updating the predicted responses based on the updated predicted responses; and updating the local dialogue manager on the device based on the updated local dialogue manager received from the server.

8. Machine readable and non-transitory medium having information recorded thereon for managing a user machine dialogue, wherein the information, when read by the machine, causes the machine to perform:

receiving, at a device, information related to a dialogue in which a user is engaged in the dialogue with the device;

searching, by a local dialogue manager residing on the device, with respect to predicted responses associated with a predicted dialogue path stored on the device for a response to be directed to the user based on the information related to the dialogue, wherein the predicted dialogue path, the predicted responses, and the local dialogue manager are preemptively generated based on a dialogue tree residing on a server;

transmitting the response to the user in response to the speech, if the response is identified by the local dialogue manager; and

sending, if the response is not identified by the local dialogue manager, a request to the server for the response.

9. The medium of claim 8, wherein the information related to the dialogue includes at least one of the utterance of the user, an observation of the dialogue surrounding, and a characterization of the observation.

10. The medium of claim 9, wherein

the observation of the dialogue surrounding includes an observation of at least one of the user and a scene of the dialogue;

the observation of the user includes one or more of a facial expression, a gesture, a motion of the user, and a tone of the utterance; and

the observation of the scene of the dialogue includes one or more of an object present at the scene and a sound in the scene of the dialogue.

11. The medium of claim 8, wherein the request is sent to the server together with the information related to the dialogue.

12. The medium of claim 8, further comprising:

receiving, from the server after the request is sent to the server, the response, an updated predicted dialogue path, updated predicted responses, and an updated local dialogue manager; and

transmitting the response received from the server to the user.

13. The medium of claim 12, wherein the updated predicted dialogue path is preemptively generated by the server based on the response, the dialogue tree, and/or the information related to the dialogue;

the updated predicted responses are preemptively generated by the server based on the updated predicted dialogue path and the dialogue tree; and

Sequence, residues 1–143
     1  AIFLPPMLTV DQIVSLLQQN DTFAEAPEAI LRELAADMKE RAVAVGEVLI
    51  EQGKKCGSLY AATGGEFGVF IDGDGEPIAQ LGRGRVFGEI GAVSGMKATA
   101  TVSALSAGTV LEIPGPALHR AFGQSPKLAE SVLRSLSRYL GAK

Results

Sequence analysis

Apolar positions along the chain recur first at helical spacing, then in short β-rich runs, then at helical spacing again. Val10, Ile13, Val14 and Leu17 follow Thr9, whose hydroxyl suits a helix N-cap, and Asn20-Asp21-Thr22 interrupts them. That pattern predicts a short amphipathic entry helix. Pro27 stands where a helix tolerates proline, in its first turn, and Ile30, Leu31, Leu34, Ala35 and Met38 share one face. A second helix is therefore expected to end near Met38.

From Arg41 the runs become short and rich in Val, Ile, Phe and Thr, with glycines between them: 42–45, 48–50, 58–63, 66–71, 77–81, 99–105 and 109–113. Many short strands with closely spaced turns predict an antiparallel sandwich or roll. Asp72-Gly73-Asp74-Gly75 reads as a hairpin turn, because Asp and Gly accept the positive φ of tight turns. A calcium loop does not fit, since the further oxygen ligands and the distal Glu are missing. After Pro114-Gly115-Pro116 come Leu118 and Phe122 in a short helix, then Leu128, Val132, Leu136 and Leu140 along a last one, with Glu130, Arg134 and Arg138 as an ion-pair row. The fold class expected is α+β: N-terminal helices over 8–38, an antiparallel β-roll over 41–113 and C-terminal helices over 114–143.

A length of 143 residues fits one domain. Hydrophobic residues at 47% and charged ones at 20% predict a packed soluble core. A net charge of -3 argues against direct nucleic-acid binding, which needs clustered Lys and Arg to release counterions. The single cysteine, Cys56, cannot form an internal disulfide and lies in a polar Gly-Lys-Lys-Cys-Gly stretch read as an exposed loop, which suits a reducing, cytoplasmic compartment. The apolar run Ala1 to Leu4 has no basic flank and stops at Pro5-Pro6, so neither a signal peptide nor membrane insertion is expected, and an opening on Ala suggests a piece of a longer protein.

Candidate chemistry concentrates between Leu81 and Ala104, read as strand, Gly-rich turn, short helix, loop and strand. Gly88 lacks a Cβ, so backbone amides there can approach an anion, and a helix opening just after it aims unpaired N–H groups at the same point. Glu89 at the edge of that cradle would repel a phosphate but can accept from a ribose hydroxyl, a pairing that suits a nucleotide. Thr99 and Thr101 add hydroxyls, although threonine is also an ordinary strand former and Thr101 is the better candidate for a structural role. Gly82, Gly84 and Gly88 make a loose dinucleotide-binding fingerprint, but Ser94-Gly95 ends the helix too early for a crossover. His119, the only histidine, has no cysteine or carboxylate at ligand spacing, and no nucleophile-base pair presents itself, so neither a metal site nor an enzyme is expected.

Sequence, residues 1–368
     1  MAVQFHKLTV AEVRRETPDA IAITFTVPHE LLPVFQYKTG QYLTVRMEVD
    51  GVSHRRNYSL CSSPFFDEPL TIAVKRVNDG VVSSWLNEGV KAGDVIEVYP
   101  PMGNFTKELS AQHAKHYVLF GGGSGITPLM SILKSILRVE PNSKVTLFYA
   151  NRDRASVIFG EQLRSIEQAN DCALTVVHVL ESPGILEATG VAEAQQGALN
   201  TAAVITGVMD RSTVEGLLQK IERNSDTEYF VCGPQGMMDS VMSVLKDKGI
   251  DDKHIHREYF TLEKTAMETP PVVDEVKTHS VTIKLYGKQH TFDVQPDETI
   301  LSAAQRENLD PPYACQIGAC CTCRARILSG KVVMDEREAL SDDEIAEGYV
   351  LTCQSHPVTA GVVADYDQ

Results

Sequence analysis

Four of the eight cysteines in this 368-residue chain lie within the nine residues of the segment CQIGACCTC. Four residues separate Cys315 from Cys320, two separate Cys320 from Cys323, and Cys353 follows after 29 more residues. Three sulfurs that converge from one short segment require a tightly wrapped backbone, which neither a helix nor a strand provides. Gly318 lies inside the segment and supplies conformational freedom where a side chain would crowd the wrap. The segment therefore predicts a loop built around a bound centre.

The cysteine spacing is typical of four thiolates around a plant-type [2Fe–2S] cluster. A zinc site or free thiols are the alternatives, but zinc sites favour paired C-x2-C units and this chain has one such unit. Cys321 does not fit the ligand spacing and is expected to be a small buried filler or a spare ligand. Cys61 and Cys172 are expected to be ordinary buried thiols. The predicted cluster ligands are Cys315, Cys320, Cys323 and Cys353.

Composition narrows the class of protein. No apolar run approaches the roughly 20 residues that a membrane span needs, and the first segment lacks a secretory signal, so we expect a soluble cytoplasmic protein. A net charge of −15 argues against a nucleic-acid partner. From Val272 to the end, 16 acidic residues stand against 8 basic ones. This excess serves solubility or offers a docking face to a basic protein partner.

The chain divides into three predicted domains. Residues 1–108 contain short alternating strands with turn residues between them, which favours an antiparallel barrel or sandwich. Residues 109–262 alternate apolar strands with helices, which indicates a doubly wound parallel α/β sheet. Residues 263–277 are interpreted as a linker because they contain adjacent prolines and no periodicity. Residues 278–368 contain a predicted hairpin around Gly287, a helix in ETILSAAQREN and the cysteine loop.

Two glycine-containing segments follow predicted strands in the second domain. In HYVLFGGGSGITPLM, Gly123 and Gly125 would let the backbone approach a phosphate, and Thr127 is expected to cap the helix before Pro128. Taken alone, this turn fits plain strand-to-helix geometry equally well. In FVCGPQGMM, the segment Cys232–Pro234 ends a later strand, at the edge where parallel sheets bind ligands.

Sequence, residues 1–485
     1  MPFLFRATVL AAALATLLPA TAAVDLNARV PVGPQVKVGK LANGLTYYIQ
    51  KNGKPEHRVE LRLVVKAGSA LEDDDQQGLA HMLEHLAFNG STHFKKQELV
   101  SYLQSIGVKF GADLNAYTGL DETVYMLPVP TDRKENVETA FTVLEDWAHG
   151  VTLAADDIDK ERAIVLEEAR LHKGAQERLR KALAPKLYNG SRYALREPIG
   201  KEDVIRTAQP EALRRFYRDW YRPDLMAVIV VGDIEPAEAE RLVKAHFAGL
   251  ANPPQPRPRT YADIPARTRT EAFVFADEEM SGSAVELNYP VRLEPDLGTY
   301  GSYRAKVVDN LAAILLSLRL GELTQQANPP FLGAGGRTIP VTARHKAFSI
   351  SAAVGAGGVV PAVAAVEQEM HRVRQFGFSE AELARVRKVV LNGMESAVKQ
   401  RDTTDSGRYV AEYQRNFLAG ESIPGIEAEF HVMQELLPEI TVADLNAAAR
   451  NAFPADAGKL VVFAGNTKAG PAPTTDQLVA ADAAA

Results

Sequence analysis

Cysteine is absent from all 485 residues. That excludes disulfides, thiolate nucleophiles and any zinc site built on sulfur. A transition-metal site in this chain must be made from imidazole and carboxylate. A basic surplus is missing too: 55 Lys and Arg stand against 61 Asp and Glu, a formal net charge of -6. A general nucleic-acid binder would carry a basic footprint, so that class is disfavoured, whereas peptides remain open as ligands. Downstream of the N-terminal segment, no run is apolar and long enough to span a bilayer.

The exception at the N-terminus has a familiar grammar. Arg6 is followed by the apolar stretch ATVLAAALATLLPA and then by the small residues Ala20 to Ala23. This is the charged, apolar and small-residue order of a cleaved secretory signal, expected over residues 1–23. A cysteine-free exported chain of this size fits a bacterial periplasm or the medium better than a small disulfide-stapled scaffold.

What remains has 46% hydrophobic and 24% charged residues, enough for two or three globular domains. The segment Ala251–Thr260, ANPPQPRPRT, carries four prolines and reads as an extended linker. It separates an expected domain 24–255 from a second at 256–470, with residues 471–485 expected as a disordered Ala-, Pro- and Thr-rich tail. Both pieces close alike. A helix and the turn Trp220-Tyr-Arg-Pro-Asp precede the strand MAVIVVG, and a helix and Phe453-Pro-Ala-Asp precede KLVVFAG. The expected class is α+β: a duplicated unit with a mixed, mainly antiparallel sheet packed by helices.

the updated local dialogue manager is generated by the server based on the updated predicted dialogue path and the updated predicted responses.

14. The medium of claim 12, wherein the information, when read by the machine, further causes the machine to perform:

updating the predicted dialogue path based on the updated predicted dialogue path received from the server;

updating the predicted responses based on the updated predicted responses; and updating the local dialogue manager on the device based on the updated local dialogue manager received from the server.

15. A system for managing a user machine dialogue, comprising:

a dialogue state analyzer configured for receiving, at a device, information related to a dialogue in which a user is engaged in the dialogue with the device;

a local dialogue manager residing on the device configured for searching, with respect to predicted responses associated with a predicted dialogue path stored on the device, for a response to be directed to the user based on the information related to the dialogue, wherein the predicted dialogue path, the predicted responses, and the local dialogue manager are preemptively generated based on a dialogue tree residing on a server; a response transmitter configured for transmitting the response to the user in response to the speech, if the response is identified by the local dialogue manager; and

a device/server coordinator configured for sending, if the response is not identified by the local dialogue manager, a request to the server for the response.

16. The system of claim 15, wherein the information related to the dialogue includes at least one of the utterance of the user, an observation of the dialogue surrounding, and a characterization of the observation.